Now the ancient Aramaic translator Yonatan b. Uziel makes the following statement: this man who collected sticks on Shabbat and incurred the death penalty, was not a wanton sinner who could care less for the express commandment against violating the Shabbat. In fact, says R. Yonatan, he acted leshem shamayim, for the sake of heaven, because he wanted to make a dramatic point that would benefit the entire people. What that point was, is explained in a rather incisive way by Rabbi Benzion Firer, by referring to a comment by the medieval commentator, R. Yaakov Baal ha-Turim. He points out that this incident of the Shabbat desecrator follows immediately on several verses that mandate stoning for any Jew who curses or blasphemes against God. This juxtaposition teaches us that this incident involving the Sabbath desecrator came on the heels of the event noted above in Bamidbar, where a man was stoned to death for cursing God's name as he fought with another Jew. If so, says Rabbi Firer, we can understand what the Shabbat desecrator did that was leshem shamayim: he wanted the people to understand that it is not only cursing or showing deficient faith and respect for God that is an abomination deserving of the ultimate punishment - it is also the nonobservance of the Shabbat that is equally reprehensible! He put his life on the line in order to disabuse the people of the facile assumption, evidently common even then, that faith and not works are the essence of the religious life. He wanted the people to avoid the pitfalls of a vacuous spiritualism, and of an Israelite religion denuded of its essential behaviors and practices, as commanded by God, and confirmed by covenant.
The point, I think, is clear. Even in the wilderness of Sinai there were Jews who adopted what was essentially a christological approach to the Torah, and enshrined their misplaced spiritualism in a pantheon of their own making. And what was true then, remains so today. Too many Jews fall prey to the selfsame delusions, as they cast off the very trappings that make for authentic Judaism. Sure we should be upset when we see young Jews embrace Christianity, but we should be equally upset when vastly more Jews of all ages cast off not only the Shabbat, but the overwhelming proportion of Jewish practices as well. To rue the one but not the other, is ourselves to admit to having embraced the distinctly non-Jewish and Christian doctrines so inimical to Judaism as it should be understood and lived.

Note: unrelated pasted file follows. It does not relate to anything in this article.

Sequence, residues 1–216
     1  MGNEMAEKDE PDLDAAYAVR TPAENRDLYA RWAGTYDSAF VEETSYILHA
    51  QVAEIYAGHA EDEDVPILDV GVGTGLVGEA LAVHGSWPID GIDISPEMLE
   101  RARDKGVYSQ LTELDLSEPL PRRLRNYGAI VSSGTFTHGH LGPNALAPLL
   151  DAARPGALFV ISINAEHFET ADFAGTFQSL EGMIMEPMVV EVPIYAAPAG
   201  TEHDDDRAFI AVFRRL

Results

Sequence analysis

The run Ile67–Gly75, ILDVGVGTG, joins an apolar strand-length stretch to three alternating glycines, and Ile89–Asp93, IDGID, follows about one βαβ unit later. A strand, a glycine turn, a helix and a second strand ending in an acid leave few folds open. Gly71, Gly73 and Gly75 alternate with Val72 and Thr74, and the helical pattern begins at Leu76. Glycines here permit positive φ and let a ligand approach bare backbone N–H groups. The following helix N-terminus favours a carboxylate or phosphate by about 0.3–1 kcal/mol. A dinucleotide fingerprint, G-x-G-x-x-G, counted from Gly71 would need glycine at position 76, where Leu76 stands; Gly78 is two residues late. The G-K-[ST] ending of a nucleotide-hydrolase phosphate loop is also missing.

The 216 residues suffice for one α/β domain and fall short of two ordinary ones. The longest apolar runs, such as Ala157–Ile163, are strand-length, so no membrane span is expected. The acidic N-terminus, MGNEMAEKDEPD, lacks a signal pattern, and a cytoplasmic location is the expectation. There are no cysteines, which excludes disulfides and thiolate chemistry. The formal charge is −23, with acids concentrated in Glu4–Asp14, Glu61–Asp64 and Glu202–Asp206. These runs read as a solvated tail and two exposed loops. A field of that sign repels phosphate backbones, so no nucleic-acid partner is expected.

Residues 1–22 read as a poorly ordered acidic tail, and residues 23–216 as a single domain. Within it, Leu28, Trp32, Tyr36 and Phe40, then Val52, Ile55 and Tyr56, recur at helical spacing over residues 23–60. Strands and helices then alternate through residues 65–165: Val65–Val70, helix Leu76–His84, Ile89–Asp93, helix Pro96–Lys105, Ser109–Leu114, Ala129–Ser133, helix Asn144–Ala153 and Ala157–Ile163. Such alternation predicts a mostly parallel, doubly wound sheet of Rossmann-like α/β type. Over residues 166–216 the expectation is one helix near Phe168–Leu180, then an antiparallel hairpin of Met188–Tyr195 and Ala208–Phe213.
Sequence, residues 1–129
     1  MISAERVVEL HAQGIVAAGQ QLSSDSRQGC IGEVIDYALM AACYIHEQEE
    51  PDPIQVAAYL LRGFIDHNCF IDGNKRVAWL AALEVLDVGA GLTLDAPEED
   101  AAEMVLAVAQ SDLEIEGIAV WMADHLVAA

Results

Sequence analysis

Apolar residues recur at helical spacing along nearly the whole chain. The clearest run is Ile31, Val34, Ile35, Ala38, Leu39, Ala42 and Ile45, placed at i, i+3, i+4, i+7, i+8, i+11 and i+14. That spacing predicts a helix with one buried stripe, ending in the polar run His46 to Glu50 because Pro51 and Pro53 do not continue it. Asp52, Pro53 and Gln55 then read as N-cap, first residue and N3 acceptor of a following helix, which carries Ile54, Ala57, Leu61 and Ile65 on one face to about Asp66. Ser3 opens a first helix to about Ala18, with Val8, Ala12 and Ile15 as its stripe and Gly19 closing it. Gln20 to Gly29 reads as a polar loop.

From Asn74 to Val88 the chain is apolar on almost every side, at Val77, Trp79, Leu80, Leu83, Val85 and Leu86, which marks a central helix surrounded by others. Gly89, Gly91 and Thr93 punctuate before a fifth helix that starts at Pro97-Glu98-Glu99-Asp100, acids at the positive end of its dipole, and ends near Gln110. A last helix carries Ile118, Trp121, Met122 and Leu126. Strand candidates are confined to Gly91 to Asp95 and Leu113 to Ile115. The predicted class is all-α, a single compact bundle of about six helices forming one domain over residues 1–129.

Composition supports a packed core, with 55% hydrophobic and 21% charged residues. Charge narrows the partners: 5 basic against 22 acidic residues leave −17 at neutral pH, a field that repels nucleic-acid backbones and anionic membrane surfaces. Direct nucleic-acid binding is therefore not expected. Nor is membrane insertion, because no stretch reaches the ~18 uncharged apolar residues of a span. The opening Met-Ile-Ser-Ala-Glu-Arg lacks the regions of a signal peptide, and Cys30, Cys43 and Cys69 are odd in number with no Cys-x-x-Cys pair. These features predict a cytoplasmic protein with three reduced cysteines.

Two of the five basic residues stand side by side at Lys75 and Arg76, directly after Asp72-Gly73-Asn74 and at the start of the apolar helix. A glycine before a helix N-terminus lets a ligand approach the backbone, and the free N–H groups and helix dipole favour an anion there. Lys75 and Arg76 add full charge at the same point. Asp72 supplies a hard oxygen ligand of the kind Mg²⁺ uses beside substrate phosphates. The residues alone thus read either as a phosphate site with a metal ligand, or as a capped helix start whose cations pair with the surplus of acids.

How Carefully Do We Observe?
I think that there is a lesson here for all of us. As we consider the level of our own observance of Torah and mitvot, law and custom, we ought to consider to what extent we may inadvertently have fallen prey to such thinking. How careful are we to observe Shabbat as Jewish law requires, or do we casually take liberties with the clear prohibitions that we know to be in effect? How much do we exert ourselves to grow in observance and understanding, or do we cavalierly dismiss our shortcuts and infractions because we don't want the hassle or the bother? How often do we justify it all to ourselves by thinking that ?my heart is in the right place,? or ?what really counts is being a good person.? These are questions, of course, that each of us can answer only for ourselves. But I fear that far from giving an adequate response to them, too many of us fail to even ask the question.
Allow me to conclude with one more Torah reference. Immediately following the incident of the wood- gatherer, comes the paragraph which we read as the third paragraph of the Shema, the one that includes the commandment of zizit. What is the connection? I think that the answer is obvious: the purpose of the zizit, as the Torah here says, is:
that you may look upon it and remember all the commandments of God, and do them, that you do not go about after your own heart and eyes and go astray, that you may remember and do all the commandments-- and be holy unto your God.
First the Shabbat, then the zizit that reminds you to observe the commandments, again and again, not to be led astray after other gods and other faiths, until finally, and only then, to become ?holy unto your God,? your God.